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532 Annette St
Toronto, ON, M6S 2C2




Our mission is to design and create exceptional, original, high quality and ethically produced floor and wallcoverings

Narrative Threads

Creative Matters and our work with fair trade and Label STEP

Lydia Stone

Clients who order handknotted rugs from us (for custom projects or from our collections) will notice the word STEP incorporated into our label on the back of the rug. This is our promise to you and your promise to your client that the rug was produced with the highest possible standards of fair trade.

“STEP” refers to Label STEP, the Swiss-based, non-profit organization operating in all major carpet weaving countries in the world. They work to improve the lives and livelihoods of weavers and workers while building a thriving industry of the artisanal craft of handmade rugs. STEP has been operating since 1995 and we became a member (“licensed dealer”) in 2011. Previously we had worked with an organization that ensures no child labour is involved in the production of carpets, but as we learned more about STEP, we realized we could better support the industry if we adopted a wider view of fair trade - one that championed the prohibition of child labour and also sought to benefit workers, their families, the environment and a sustainable industry. 


In order to be granted the right to sew the STEP name into our rugs, we (and other fair-trade-conscious sellers of handmade rugs) pay a percentage of the price of each of our handknotted rugs to STEP. In turn, STEP educates and brings change to the suppliers in our supply chain and monitors their progress.  

At the basis of STEP’s work is the STEP Standard - 10 individual standards based on the principles of corporate social responsibility - a business approach that contributes to sustainable development by delivering economic, social and environmental benefits for all stakeholders. No abusive child labour is obviously a core standard, but others include: safe working conditions; living wages; limiting hours of work; transparency from suppliers; and minimizing environmental risks.

The process of joining STEP is interesting. First we gave STEP the names of our suppliers and STEP then approached them and helped them build a plan so that “step-by-step” they could achieve all the standards. STEP has inspectors who make both scheduled and surprise visits to our mills to observe and review activity. Every time they make a visit, STEP sends us a report. Because we have been using the same mills in Nepal (2) and India (3) for many years, the reports are very positive and we sleep well at night knowing everyone is working towards achieving the best living and working conditions for the workers.

Over the course of her annual visits to our mills, Creative Matters president Carol Sebert has become so passionate about the impact and potential of STEP, she became a voluntary ambassador earlier this year. As a STEP Ambassador, Carol draws on her industry knowledge, professional network and enthusiasm for ethical production to further STEP’s mission and raise awareness among North American designers, architects and consumers.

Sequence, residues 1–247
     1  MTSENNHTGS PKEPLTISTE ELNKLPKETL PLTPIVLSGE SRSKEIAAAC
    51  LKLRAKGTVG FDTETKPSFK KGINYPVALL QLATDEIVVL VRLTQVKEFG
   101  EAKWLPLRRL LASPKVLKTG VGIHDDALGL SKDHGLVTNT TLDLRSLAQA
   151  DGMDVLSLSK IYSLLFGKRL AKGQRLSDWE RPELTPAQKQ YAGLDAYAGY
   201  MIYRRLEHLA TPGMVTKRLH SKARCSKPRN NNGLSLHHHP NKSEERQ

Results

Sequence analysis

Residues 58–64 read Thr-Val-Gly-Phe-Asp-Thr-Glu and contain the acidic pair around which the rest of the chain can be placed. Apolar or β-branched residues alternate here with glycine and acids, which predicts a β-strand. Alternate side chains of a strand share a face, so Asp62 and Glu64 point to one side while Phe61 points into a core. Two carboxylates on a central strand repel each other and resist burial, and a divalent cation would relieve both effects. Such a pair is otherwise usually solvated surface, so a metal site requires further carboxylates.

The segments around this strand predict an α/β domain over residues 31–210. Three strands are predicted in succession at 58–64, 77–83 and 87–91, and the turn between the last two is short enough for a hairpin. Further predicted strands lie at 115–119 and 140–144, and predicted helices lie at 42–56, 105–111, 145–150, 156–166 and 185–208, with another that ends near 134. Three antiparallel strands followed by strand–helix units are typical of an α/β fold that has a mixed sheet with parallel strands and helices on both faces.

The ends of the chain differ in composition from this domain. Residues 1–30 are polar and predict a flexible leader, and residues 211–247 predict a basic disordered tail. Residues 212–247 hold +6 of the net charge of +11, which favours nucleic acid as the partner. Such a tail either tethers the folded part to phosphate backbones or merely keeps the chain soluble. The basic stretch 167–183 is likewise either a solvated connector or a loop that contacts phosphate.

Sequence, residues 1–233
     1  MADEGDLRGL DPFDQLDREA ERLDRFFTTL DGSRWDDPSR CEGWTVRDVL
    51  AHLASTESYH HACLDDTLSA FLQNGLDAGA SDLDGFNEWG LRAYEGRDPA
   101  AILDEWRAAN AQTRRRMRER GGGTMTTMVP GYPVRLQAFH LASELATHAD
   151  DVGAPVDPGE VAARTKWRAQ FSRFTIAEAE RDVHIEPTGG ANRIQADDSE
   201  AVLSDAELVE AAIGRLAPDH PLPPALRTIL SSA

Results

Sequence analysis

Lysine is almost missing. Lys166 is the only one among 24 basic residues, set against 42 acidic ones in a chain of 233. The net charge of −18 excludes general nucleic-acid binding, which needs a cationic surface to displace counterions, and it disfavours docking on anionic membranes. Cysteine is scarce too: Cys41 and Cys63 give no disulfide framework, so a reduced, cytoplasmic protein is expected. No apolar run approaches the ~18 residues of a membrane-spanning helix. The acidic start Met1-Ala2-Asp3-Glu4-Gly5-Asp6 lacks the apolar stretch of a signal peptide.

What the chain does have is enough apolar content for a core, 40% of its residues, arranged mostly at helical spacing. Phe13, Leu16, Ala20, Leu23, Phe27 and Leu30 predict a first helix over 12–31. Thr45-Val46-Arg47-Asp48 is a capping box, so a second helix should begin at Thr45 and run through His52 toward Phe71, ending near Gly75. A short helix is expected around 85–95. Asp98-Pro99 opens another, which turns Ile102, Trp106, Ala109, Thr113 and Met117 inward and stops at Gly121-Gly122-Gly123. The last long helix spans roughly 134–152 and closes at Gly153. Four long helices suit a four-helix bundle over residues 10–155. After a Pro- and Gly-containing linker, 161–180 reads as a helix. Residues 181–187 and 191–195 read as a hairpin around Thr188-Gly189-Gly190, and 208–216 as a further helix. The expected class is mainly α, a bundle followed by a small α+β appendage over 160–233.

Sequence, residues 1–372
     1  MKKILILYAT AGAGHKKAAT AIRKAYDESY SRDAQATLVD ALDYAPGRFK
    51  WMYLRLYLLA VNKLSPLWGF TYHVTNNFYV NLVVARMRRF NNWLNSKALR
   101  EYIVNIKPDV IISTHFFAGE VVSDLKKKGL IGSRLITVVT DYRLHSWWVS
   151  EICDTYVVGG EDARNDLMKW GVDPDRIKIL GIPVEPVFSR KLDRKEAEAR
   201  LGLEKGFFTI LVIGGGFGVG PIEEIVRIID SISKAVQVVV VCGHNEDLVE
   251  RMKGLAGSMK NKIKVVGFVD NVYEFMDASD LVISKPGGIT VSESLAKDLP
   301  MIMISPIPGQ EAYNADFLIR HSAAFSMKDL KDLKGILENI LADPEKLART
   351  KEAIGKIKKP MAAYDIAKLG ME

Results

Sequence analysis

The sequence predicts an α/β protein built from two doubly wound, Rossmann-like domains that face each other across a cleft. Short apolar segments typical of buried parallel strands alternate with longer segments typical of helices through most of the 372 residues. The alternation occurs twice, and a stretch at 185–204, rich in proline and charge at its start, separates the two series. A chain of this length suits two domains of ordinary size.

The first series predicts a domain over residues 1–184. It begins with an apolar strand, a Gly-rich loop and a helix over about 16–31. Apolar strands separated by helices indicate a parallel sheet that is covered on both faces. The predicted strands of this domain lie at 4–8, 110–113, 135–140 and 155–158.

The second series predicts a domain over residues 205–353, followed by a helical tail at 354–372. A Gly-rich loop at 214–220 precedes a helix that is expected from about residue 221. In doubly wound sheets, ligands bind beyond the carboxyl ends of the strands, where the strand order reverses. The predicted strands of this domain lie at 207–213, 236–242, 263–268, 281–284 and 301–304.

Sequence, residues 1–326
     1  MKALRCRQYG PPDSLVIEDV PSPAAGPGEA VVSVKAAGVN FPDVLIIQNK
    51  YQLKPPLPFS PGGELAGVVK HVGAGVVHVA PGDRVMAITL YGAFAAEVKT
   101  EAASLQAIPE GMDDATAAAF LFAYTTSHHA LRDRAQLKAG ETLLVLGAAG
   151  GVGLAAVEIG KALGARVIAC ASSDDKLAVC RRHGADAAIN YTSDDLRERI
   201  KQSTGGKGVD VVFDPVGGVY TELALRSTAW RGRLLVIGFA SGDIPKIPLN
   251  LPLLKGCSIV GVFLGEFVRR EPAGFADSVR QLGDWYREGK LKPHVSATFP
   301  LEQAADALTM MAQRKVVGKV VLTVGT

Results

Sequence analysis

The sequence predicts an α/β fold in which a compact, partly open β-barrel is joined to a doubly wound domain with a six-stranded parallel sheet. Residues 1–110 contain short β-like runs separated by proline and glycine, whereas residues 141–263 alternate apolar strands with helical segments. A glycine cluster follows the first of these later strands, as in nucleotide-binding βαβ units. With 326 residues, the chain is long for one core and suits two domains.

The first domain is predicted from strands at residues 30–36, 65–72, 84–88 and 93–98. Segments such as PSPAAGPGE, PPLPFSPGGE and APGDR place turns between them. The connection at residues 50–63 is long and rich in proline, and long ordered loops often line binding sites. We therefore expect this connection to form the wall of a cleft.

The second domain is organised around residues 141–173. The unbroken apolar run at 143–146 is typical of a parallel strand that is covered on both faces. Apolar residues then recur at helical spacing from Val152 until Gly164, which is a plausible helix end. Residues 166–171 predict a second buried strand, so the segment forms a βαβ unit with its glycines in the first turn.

"The work STEP does to ensure ethical practices in the carpet industry is critically important, not only for the skilled artisans whose livelihoods and quality of life are positively affected, but also for the health and sustainability of the industry as a whole," said Carol. 

While we sleep well at night, we’re surprised the STEP team has time to sleep. Recently, STEP introduced a "Weaver Capacity" outreach program centred on a series of seminars designed to improve workers' knowledge in basic issues such as health and hygiene, lifestyle and the rights of women and children - issues that can have an immediate positive impact on their lives. And last month, with the support of another licensed dealer, Jan Kath, STEP released a music video to raise awareness about one of the challenges facing Nepal and its carpet industry: migrant labour – men leaving to work in countries such as United Arab Emirates and Saudi Arabia. Sadly, some of these workers don't survive the experience. This not only leaves families broken but threatens Nepal's ability to continue building a thriving carpet industry - an industry relied upon for the country's most important export product. 


"Through years of experience working in the carpet weaving sector, we have determined the best improvements can be made when workers are educated on basic issues which immediately impact their daily lives, and when all those involved in bringing handmade carpets to market plan an active and supportive role in embracing fair trade practices," said Reto Aschwanden, STEP Managing Director.

Increasingly, and with good reason, people who buy handknotted rugs are asking about their provenance. They want to be assured not only that no child labour is involved but that other principles of fair trade have been applied. As a licensee of STEP, we – and you – can reply with confidence.

To learn more about STEP go to: